The algorithm is the first to enable 'risk-bounded adaptive sampling.' An adaptive sampling mission is designed to automatically adapt an AUV’s path, based on new measurements that the vehicle takes as it explores a given region. Most adaptive sampling missions that consider risk typically do this by finding paths with a concrete, acceptable level of risk. However, the researchers found that accounting for risk alone could significantly limit a mission’s potential rewards.

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Namely, the algorithm takes in bathymetric data, or information about the ocean topography, to calculate the level of risk for a proposed path. The algorithm also considers all previous measurements that the AUV has taken, to compute the probability that such high-reward measurements may exist along the proposed path.

If the risk-to-reward ratio meets a certain value, determined by scientists beforehand, then the AUV proceeds with the proposed path, taking more measurements that feed back into the algorithm to help it evaluate the risk and reward of other paths as the vehicle moves forward.

The researchers tested their algorithm in a simulation of an AUV mission east of Boston Harbor. They utilized bathymetric data from the region during a previous NOAA survey, and simulated an AUV exploring at a depth of 15 meters through regions at relatively high temperatures. They looked at how the algorithm planned out the vehicle’s route under three different scenarios of acceptable risk.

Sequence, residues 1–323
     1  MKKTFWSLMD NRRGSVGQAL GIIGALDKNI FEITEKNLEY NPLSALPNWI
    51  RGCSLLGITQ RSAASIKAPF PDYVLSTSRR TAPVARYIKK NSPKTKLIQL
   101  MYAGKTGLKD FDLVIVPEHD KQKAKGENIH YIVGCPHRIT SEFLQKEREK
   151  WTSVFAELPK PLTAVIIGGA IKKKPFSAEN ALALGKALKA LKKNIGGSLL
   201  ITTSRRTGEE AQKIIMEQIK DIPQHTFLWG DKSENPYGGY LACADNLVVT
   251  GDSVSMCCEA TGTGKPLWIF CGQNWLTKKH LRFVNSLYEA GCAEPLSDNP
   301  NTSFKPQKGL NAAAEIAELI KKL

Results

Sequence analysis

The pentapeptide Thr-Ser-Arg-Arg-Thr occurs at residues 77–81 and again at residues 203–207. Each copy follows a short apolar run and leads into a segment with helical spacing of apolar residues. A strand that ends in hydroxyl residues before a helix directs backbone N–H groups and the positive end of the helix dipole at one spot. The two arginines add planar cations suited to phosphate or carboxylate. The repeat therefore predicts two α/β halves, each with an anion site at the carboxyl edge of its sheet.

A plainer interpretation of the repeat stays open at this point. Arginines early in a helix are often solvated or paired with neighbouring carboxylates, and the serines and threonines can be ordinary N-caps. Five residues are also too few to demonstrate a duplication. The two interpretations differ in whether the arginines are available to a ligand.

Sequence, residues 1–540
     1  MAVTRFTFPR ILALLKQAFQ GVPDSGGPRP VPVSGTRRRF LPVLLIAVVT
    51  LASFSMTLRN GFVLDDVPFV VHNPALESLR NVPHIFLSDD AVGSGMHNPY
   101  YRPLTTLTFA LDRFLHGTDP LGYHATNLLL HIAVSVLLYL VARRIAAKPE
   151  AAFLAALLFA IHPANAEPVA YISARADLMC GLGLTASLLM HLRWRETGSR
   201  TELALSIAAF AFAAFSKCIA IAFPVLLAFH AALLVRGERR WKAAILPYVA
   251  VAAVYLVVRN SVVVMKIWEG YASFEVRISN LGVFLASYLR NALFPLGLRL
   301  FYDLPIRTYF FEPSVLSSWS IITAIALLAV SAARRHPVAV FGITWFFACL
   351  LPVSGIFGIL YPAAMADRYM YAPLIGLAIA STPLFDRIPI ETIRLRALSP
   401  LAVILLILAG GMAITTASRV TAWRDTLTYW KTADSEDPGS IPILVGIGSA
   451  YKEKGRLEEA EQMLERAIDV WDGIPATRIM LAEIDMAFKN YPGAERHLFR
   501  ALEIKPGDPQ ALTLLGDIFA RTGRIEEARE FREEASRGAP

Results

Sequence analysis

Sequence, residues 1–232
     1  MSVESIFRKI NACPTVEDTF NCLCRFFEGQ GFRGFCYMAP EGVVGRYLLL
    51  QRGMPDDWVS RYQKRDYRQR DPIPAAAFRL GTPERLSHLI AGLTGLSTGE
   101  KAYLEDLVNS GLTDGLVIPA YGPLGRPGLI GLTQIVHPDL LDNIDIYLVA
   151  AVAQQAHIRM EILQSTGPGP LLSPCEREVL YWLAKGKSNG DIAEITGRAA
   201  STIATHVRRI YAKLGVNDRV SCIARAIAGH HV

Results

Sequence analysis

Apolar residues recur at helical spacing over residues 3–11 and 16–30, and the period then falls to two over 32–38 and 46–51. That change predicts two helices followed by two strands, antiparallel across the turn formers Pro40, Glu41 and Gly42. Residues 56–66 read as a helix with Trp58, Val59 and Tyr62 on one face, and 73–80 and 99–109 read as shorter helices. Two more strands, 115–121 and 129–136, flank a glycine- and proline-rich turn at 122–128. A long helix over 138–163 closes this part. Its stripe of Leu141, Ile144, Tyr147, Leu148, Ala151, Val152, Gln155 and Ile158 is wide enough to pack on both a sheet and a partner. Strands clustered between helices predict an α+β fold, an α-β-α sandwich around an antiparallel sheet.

In the scenario with the lowest acceptable risk, namely where the vehicle should avoid any regions that would have a very high chance of collision, the algorithm mapped out a conservative path, keeping the vehicle in a safe region that did not have any high rewards. For scenarios of higher acceptable risk, the algorithm charted bolder paths that took a vehicle through a narrow chasm, and to a high-reward region.

The team also used the algorithm through 10,000 numerical simulations, generating random environments in each simulation, in order to create a path. It found that the algorithm 'trades off risk against reward intuitively, taking dangerous actions only when justified by the reward.'